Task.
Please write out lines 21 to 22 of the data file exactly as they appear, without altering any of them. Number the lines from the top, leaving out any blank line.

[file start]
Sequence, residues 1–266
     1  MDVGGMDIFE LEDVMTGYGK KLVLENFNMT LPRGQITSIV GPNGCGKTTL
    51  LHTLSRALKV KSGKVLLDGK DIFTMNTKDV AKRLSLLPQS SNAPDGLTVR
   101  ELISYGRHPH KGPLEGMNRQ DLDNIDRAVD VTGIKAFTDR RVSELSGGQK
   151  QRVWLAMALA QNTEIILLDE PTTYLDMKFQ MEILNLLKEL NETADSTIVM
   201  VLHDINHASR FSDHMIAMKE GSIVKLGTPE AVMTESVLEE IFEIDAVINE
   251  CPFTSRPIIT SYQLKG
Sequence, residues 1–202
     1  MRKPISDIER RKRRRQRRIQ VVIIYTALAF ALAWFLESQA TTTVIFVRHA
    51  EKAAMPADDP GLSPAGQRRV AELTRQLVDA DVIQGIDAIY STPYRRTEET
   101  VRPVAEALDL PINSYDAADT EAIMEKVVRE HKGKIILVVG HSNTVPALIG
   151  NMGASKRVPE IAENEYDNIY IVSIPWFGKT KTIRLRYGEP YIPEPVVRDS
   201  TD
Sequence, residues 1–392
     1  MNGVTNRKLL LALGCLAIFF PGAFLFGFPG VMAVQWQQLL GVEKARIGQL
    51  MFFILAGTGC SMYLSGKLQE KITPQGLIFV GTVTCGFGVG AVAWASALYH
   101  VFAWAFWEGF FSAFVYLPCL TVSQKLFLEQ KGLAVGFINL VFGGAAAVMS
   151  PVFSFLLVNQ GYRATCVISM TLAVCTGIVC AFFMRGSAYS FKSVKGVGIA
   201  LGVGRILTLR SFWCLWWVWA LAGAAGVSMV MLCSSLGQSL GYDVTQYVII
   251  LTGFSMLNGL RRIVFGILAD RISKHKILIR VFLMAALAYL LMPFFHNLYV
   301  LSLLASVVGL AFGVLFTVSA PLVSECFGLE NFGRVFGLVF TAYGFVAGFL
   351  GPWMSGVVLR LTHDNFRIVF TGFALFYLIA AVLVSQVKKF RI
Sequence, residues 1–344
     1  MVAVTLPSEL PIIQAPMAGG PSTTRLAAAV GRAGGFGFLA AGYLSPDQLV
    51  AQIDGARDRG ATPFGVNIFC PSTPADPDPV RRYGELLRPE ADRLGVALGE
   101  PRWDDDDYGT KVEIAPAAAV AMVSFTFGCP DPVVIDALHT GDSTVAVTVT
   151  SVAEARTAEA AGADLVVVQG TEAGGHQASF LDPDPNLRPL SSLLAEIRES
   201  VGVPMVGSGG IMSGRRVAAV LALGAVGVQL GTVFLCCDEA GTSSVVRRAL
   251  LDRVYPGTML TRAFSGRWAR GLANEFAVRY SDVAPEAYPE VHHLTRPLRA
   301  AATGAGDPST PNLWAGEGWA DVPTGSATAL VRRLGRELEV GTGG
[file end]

   301  LSLLASVVGL AFGVLFTVSA PLVSECFGLE NFGRVFGLVF TAYGFVAGFL
   351  GPWMSGVVLR LTHDNFRIVF TGFALFYLIA AVLVSQVKKF RI